As Valentine’s Day approaches, a host of women are hoping for a proposal and an engagement ring that will lead to marriage — for a second or even third time.
Many of those hopefuls will be planning their first wedding. But according to the Pew Research Center, the overall marriage rate has declined since 1960, while the rate of remarriage and cohabitation has risen. The numbers of those who have never been married also has climbed.
Christian counselors believe the church must help people learn to develop and sustain lasting relationships.
One Pew analysis of U.S. Census Bureau data indicates the remarriage rate tripled since 1960. But the overall marriage rate fell from 85 percent in 1960 to 70 percent in 2013. In 2012, one-in-five adults aged 25 and over had never been married, compared to one-in-10 adults five decades earlier.
The Pew Center attributed the change to several factors — marrying later in life, shifting public attitudes and cohabitation.
In a related analysis, Pew researchers determined that 24 percent of young adults ages 25 to 35 who have never married cohabited in 2014. That study relied on a combination of census data from 1960 through 2000; the Census Bureau’s American Community Survey in 2010, 2011 and 2012; and a Pew survey in 2014.
Rachel Shannon, assistant professor of psychology at Judson University, believes lack of faith in marriage as an institution is a driving force in the statistics.
“For most of us, if we were told there was a 50 percent chance of something very negative happening to us, we would be very hesitant to engage in that behavior,” Shannon said.
People long for connection, she added, and nothing can adequately substitute for marriage. “[I]t is a relationship different from all others, as God ordained it to be…. God created us to want to be in relationship, and we are the most connected ‘disconnected’ people ever in history.
“We know what is going on in the lives of people we haven’t seen in 30 years [through social media] and it gives a false sense of connection to them.”
She pointed to research that indicates brain chemistry changes when people are physically present in the same place. “People have an innate longing to be with others,” she said.
Shannon believes social media has contributed to the increased number of never-marrieds. “This generation from the beginning has had the Internet, and while that increases the sense of connection, it doesn’t actually increase connection,” she said.
The church itself may contribute to the rise in remarriage, believes Amy Hartsfield, counselor and assessment consultant at Central Baptist Theological Seminary. The church exerts a “norming” pressure on members because it generally operates from a family-unit perspective and ministers primarily to couples, she said.
That desire for connection continues to push the remarriage rate.
“Remarriage is high because people believe in marriage,” explained Diana Garland, dean of the Baylor University School of Social Work. “They just have experienced a dissolution of one relationship, not their commitment to the institution.
The Christian faith promotes finding a partner and sustaining relationships, which “seems to be a push to a legitimate…legal…marriage.” Believers marry because it’s the “comfortable” preference in the faith family, Hartsfield explained.
“There is a very real structure [family units] that is supported,” she said. “It was never said overtly, but you knew you were odd” if unmarried.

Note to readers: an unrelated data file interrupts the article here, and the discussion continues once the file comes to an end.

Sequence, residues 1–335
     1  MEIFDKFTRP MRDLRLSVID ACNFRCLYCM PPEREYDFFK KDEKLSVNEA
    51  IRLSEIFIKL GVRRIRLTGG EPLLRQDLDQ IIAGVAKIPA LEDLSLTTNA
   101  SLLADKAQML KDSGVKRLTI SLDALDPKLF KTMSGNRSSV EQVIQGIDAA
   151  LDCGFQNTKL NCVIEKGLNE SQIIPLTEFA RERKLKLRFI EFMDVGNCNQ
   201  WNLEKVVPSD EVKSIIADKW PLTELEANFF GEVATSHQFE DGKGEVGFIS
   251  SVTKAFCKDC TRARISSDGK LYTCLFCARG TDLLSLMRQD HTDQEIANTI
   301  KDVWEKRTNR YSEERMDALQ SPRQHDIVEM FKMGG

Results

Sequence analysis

That unstated push leads many people to remarry after divorce or death of a spouse in order to feel a part of the church family.
Hartsfield believes that often churches are “more committed to the structure” and fail to offer the tools and support to help individuals become “as fit as possible physically, emotionally and financially” to sustain another marriage.
History and American society’s perception of the family are key factors, noted Richard Olson, professor of pastoral theology at Central Seminary and co-author of several books on the family.
As urbanization spread, families lost their influence on communities and their own needs changed. It was common practice for rural families to choose spouses for their children.
The concept of spouses as “best friends” altered family dynamics, Olson explained. No-fault divorce made the legal process of ending a marriage much easier. Birth control and in-vitro fertilization improved, and society’s mores changed as the fear of pregnancy lessened.
Changes in mores and societal instability have contributed to the rise in cohabitation, some experts believe. Sometimes cultural beliefs influence Christian attitudes and behavior.
Young adults have a different understanding of sexual mores, partly as a result of cultural shifts, Ruth Rosell, CBTS assistant professor of pastoral theology for pastoral care and counseling, said. Living together outside of marriage is one result.
The culture outside the church often views cohabitation as a step to marriage.
“Public opinion changed…and sexual mores have changed a lot,” Rosell said. “There is more expectation for sexual involvement…. It takes more strength and conviction not to be carried away by that.”
The commonality of divorce also has influenced acceptance of cohabitation, Rosell said. “For adults who watched their parents go through divorce, marriage doesn’t seem more permanent.”
Fear of failure often leads couples to live together. A single man in his 40s shared with Hartsfield that he “needs to be sure [his current relationship] is going to work” before he decides whether to marry his live-in girlfriend. He has two children from other such relationships.
“People want some type of assurance that the union will work, and they want to determine: What is my commitment?” Hartsfield said.
Although individuals desire the security marriage can offer, they still question whether they will be able to sustain a marriage relationship, she added.